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Thread: Being British XIII

  1. #61
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    Random question:

    Is Jezza a common nickname for someone named Jeremy?

    Edit: Thanks Neil and Carole. I had thought it might just be Clarkson, but I stumbled across someone else (on the Internet) using "Jezza" as a username and they were clearly British, so thank you for satisfying my curiosity.
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  2. #62
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    First, the name is a “posh” one. A working class Jeremy is unheard of (certainly in my part of the world).
    I know two Jeremys, on gets called Jeremy, and nothing else. The other tells people who know him well to call him Jay.
    On a sample of two, my answer is, no. However, two isn’t a sample, it’s anecdotal evidence, and therefore worthless. (Sorry, I've just been watching a documentary on statistics and I don't feel capable of making a gewneral claim.)
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  3. #63
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    Aida - I've known a few Jeremys. One was 'posh' and we called him Jem, but another is a normal bloke from the South of England and we call him Jez or Jezza. Another was known as Jerry.

    It's the sort of name that does sound like an upper-class twit's name, but of the few I've known/met, only one was posh - the others weren't.

    There's a few TV presenters over here (Jeremy Paxman, Jeremy Vine, Jeremy Clarkson, Jeremy Bowen) and actors (Jeremy Brett, Jeremy Edwards, Jeremy Hardy). Whilst some were privately educated, it's not the same in every case (depending if you believe Wiki). Clarkson (as you probably know because I've seen you're a Hammond afficianado) is known as Jezza in a tongue in cheek way, the others seem to be 'Jeremy'.

    I'd say you could use Jezza as a nickname, but as Neil says it does largely depend which part of the country you're from.

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  4. #64
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    This talk about the Evans and Wales has made me curious – would Lily have an audible accent? Do Welsh people sound different from the South-English?
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  5. #65
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    Quote Originally Posted by Karaley Dargen
    This talk about the Evans and Wales has made me curious – would Lily have an audible accent? Do Welsh people sound different from the South-English?
    To your second question, yes, Welsh people have a distinct (and rather attractive-sounding!) accent. (Of course that remark is entirely my own opinion ) It is pretty different from South-English people. If you've watched the movie DH, Kara, Rufus Scrimgeour had a pretty heavy Welsh accent, so you could watch a bit with him in it to get a general idea. Or, better still, just YouTube "welsh accents" and I'm sure loads of stuff comes up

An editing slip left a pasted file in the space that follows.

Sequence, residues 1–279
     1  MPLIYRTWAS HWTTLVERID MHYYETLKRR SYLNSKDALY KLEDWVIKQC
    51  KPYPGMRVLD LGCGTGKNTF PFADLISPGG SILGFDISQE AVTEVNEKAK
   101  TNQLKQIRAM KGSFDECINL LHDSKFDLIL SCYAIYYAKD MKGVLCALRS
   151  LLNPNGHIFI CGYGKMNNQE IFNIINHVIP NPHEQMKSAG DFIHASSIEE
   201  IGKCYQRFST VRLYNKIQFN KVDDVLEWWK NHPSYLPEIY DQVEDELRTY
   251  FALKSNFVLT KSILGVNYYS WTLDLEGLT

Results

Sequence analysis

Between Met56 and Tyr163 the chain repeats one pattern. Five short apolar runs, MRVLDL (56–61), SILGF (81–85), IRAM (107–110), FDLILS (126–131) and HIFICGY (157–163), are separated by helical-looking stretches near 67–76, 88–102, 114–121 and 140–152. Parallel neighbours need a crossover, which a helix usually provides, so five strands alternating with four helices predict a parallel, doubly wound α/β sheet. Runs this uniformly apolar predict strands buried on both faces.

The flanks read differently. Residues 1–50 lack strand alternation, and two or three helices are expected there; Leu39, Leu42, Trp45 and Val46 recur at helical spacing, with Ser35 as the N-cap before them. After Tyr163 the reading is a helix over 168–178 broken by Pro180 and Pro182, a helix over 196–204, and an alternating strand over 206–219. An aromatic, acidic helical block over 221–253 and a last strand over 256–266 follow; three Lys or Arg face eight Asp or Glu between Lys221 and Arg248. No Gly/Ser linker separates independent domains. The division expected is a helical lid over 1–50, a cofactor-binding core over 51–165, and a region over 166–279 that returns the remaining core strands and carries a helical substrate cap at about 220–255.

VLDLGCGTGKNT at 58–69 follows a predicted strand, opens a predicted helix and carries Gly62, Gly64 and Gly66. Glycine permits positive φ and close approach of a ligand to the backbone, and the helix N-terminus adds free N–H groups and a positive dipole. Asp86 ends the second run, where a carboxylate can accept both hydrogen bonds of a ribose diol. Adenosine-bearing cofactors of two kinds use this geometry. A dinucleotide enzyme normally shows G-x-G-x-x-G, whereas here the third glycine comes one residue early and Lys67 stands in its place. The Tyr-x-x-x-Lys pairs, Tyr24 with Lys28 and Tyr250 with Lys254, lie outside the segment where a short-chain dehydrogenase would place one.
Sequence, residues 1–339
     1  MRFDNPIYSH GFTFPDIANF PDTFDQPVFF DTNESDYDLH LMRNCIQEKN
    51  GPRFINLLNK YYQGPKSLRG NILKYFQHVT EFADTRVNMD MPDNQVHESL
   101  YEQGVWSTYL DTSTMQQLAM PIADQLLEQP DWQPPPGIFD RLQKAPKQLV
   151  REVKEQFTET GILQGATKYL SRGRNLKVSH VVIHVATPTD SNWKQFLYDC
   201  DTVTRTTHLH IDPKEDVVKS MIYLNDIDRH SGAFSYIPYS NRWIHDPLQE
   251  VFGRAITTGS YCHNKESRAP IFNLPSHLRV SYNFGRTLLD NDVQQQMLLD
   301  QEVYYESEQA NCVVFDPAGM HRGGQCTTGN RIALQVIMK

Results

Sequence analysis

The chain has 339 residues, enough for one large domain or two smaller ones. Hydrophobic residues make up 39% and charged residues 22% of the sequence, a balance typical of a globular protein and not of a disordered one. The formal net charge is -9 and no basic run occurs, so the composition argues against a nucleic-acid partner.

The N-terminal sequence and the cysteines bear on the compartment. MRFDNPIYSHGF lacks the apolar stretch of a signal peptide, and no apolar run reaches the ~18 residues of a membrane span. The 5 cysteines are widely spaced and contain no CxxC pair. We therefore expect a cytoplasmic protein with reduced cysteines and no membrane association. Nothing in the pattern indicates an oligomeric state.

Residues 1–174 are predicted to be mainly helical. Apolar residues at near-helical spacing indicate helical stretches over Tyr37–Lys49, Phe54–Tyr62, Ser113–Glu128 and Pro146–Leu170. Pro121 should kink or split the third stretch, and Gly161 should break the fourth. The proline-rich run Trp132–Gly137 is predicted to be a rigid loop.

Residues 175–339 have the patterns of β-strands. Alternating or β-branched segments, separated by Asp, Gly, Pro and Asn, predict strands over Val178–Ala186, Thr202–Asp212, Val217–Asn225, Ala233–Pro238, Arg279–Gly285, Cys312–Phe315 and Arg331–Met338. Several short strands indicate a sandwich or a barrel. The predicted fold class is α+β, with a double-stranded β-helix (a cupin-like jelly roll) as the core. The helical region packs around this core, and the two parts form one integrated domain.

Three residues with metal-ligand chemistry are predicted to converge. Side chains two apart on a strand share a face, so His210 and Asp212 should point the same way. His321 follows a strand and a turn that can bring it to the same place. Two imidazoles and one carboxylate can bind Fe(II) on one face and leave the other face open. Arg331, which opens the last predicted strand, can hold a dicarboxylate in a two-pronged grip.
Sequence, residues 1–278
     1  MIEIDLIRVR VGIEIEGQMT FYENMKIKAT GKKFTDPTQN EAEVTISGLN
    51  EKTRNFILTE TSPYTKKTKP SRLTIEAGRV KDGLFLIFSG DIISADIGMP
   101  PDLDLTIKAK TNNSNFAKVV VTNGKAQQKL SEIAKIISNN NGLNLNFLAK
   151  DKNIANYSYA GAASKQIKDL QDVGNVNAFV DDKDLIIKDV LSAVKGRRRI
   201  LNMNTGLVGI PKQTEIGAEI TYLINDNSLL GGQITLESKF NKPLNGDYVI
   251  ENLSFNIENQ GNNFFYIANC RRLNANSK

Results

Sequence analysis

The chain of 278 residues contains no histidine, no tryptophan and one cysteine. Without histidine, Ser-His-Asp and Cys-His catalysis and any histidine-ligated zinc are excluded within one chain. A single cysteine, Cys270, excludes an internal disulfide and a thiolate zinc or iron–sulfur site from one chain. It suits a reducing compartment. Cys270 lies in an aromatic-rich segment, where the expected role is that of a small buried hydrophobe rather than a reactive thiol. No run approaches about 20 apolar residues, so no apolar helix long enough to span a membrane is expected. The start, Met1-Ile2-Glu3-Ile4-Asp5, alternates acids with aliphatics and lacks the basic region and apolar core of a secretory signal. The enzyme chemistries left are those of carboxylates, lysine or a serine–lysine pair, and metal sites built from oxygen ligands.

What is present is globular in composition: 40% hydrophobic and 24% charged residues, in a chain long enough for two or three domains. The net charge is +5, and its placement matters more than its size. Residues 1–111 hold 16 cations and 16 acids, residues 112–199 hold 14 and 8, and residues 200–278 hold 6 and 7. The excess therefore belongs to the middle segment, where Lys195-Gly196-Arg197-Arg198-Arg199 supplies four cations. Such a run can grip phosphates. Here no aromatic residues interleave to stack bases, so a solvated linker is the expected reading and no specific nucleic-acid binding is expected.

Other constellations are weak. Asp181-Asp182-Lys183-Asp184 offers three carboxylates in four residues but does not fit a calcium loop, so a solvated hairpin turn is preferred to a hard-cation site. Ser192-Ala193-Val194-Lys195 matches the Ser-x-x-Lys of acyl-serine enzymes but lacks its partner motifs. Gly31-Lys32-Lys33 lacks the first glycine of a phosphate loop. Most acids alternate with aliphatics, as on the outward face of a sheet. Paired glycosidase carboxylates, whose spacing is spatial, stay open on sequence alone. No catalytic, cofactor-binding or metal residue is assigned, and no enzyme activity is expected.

As for Lily having an accent, well, in my Lily-world--if you know what I mean--Lily has a typical English accent, nothing posh, but when she gets angry the Welsh accent in her gets really strong. The same thing happens with me when I get angry; the Cockney accent comes out so much that you'd mistake me for a cast member in EastEnders! Sometimes people do weird things with their accent and it changes.

    It is possible that Lily could have a Welsh accent; maybe she was born in Wales. Maybe Spinner's End is in Wales, but I doubt it, so that leads me to the conclusion that even if Lily was born in Wales, she probably doesn't have a distinct accent because she moved to Spinner's End and is more likely to catch the accent from there--wherever that is. Having said that, I'm sure she had the occasional moment when she came out with a Welsh phrase or spoken with a Welsh accent (for example, they say "tuth" instead of "tooth") or something else because of her parents being Welsh, if they are Welsh.

    I hope that's answered your question! I only know this because I have relatives in Wales and I know quite a few people from there anyway, and their accents have always fascinated me.

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  6. #66
    Kitty
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    On the topic of accents: they can change really quite fast, especially in children. If you think Spinners' end is in a town in Wales, Lily would have a Welsh accent, wherever her parents were from. If she is there before she's 11, you wouldn't be able to tell within a couple of years. An even younger child can change accents in months, and their voice will adopt the accent they hear at school over their parents. Believe me - I have videos of my siblings and me as children.